The version attributes are normally in Properties/AssemblyInfo.cs (but could be anywhere).
You can also access AssemblyVersion and AssemblyFileVersion via the project properties - application - [Assembly Information...] button.

There are 3:

//CLR uses this as the version 
[assembly: AssemblyVersion("")]

//Not used by CLR, often the specific build
[assembly: AssemblyFileVersion("")]

//If not present, == AssemblyVersion. 
[assembly: AssemblyInformationalVersion("v1.0 RC")]

AssemblyInformationalVersion used to error if it wasn't a System.Version (all ints). Since Visual Studio 2010, you can put in free-form strings, which is useful for tags like "RC".

To access these via code:

var executingAssembly = Assembly.GetExecutingAssembly();
var ver = executingAssembly.GetName().Version; //AssemblyVersion
var fv = System.Diagnostics.FileVersionInfo.GetVersionInfo(executingAssembly.Location);
Console.WriteLine(fv.FileVersion); //AssemblyFileVersion
Console.WriteLine(fv.ProductVersion); //AssemblyInformationalVersion

There is also a fv.ProductMajorPart and fv.ProductMinorPart but these aren't populated if the AssemblyInformationalVersion can't be parsed into a System.Version.

The values- major, minor, build, revision - are ints, up to 2,147,483,647. But there's a big gotcha. For operating system reasons, the compiler limits values to 65,534, int16.

For AssemblyVersion, you get a CSC Error: "Error emitting 'System.Reflection.AssemblyVersionAttribute' attribute -- 'The version specified '65536.65535.65535.65535' is invalid'"

For AssemblyFileVersion, you get a CSC Warning    "Assembly generation -- The version '65536.65535.65535.65535' specified for the 'file version' is not in the normal 'major.minor.build.revision' format". It will build, at least.

Versioning Strategy

  • For all version types major and minor parts should be manually set.
  • To simplify CLR versioning, we don't need to increment the AssemblyVersion except once, manually, at final release. For AssemblyVersion, just set major and minor (and perhaps build for semver). Normally build and revision will always be 0.0.  We don't want any version numbers changing during developer builds, or even continuous integration builds unless they are automatically deployed to test.
  • When a dll is published/deployed, we should increment the AssemblyFileVersion.
  • We should be able to trace back to the build.

There are several candidates for traceable build and revision numbers, but none are "semver" (both build and revision are significant).

  • Increment by date, as in wildcards (below): build is days since a specific date, revision is seconds since midnight. But there is no obvious connection between the dll and the build on the build-server.
  • Date, except we can't fit "year-month-day-hour-minute-second" into an int16. You could overflow it: build is mmdd, revision is hhmm.
  • Build name. TFS uses a buildDef_yyyymmdd.n format for the build name.
  • Changeset number if numeric, and it is less than 65535.

Both build name and changeset number might be better set in AssemblyInformationalVersion.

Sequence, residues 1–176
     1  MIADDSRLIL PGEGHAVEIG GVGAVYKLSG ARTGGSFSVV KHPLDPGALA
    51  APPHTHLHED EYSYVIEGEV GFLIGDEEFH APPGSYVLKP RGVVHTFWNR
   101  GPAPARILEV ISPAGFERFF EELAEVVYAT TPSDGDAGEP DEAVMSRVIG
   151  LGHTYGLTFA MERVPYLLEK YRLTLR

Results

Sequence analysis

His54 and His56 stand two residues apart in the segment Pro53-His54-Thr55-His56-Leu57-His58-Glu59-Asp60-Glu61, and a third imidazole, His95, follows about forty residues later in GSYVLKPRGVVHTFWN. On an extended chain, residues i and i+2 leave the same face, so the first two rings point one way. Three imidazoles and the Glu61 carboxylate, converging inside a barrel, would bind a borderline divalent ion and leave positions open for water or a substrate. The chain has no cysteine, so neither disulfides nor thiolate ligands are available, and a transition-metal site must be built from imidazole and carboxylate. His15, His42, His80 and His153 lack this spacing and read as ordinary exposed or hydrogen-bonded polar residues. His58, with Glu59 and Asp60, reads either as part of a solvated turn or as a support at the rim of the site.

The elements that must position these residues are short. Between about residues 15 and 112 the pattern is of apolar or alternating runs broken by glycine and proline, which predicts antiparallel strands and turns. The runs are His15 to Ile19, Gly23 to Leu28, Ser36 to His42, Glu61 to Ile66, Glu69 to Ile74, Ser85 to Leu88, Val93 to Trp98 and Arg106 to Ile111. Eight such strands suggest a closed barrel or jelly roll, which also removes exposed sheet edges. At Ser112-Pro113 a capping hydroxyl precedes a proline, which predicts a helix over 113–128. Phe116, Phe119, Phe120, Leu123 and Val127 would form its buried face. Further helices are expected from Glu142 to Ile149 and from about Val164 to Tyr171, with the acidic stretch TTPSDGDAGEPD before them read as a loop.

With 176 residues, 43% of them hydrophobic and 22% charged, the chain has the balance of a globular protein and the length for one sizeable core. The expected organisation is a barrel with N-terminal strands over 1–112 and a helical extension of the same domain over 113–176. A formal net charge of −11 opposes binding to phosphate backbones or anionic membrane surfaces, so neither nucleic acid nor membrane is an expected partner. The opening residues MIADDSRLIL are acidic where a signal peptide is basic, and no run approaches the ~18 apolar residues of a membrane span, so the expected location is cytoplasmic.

For AssemblyVersion only, you can use wildcards for build and revision.

If you use it for file version, you get a warning:
CSC : warning CS1607: Assembly generation -- The version '1.2.0.*' specified for the 'file version' is not in the normal 'major.minor.build.revision' format

  • AssemblyVersion build = number of days since 01/01/2000.
  • AssemblyVersion revision = number of seconds since midnight.

If you build twice without changing, the revision goes up. If you build the next day without changes, the build goes up.

Wildcards are pretty useless.

Build Tasks

Build tasks run after source control get-latest, before compilation. They find the AssemblyInfo.cs files, flip the readonly flag, and find and replace the AssemblyFileVersion, then compile. The changed AssemblyInfo file should not be checked in. The process is not run in developer builds, only in "publish" builds.

MSBuild Extension Pack is a set of msbuild tasks, which is also available as a Nuget package (MSBuild.Extension.Pack). One task, MSBuild.ExtensionPack.VisualStudio.TfsVersion, edits the AssemblyFileVersion given a date or tfs-format build name.

Another project, Community TFS Build Extensions, made by some of the same people, hooks up into TFS 2012/2013 xaml workflows and includes a TfsVersion build activity.

posted on Wednesday, July 23, 2014 8:22:40 PM (Romance Daylight Time, UTC+02:00)  #    Comments [0]
# Friday, March 07, 2014

Forms Authentication is ASP.net is simple but the FormsIdentity and GenericPrincipal/RolePrincipal are a little too simple. All we get are IIdentity.Name and IPrincipal.IsInRole(x)

Most real applications need a bit more, like the user's full name or email address, or domain-specific data.

Custom Principal

The usual way to do this was to create a custom principal, the UserData field in the forms authentication cookie, and the asp.net pipeline event "PostAuthenticateRequest".

Here's our custom principal:

    public class UserPrincipal : GenericPrincipal
        public UserPrincipal(IIdentity identity, string[] roles)
            : base(identity, roles)

        public string Email { get; set; }